“I’m stunned at the sitting Senators and Governors (Republican no less) who act as if when the SCOTUS rules, it’s forever settled,” Huckabee continued, using an acronym for the Supreme Court of the United States. “The 3 branches are EQUAL. The judicial cannot make nor enforce law.”

Read more: New Strategy Against Gay Marriage Divides 2016 Field

Those views could make for some interesting conversation among participants at Rodriguez’s conference this week. For Rodriguez, who has also been focused on issues like prison and immigration reform, the best strategy forward is to move away from the court’s decision and to start working to protect religious people and institutions who will continue to define marriage as between a man and a woman. “The major pivot will be social conservatives will say, ‘The future of American Christianity is at stake,’” Rodriguez said. “We have been labeled as bigots and homophobes when we are not, and oh boy, this election is about religious liberty and the future of American Christianity.”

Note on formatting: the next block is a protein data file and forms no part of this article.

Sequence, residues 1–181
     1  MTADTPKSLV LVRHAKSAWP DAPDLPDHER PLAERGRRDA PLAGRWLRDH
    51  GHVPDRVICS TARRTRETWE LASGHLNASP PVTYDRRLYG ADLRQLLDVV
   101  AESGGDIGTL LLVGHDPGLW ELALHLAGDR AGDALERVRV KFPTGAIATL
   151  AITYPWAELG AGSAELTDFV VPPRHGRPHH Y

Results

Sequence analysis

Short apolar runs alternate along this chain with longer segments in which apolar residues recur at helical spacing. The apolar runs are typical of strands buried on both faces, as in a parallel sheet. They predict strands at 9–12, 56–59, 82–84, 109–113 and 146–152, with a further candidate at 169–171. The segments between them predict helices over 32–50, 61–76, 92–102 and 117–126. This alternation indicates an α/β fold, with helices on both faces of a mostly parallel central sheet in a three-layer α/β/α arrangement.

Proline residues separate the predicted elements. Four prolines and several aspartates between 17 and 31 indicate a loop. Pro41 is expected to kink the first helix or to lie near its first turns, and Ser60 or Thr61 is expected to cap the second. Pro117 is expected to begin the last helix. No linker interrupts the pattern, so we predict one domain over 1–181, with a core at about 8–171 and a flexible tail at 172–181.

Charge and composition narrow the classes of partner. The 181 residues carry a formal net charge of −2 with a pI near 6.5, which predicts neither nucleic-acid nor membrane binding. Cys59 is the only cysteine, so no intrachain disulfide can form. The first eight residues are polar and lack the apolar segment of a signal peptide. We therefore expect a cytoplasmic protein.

But that vision assumes social conservatives speak with one voice, an outcome that is far from certain on the eve of Supreme Court arguments.

TIME Supreme Court

The Robert Menendez Corruption Charges Undermine the Supreme Court

Ranking member Sen. Bob Menendez listens to testimony during a Senate Foreign Relations Committee hearing on Capitol Hill, in Washington on March 11, 2015.
Mark Wilson–Getty Images Ranking member Sen. Bob Menendez listens to testimony during a Senate Foreign Relations Committee hearing on Capitol Hill, in Washington on March 11, 2015.

The Supreme Court said super PACs aren't prone to corruption. Prosecutors are alleging otherwise in a case against Sen. Robert Menendez.

Correction appended, April 2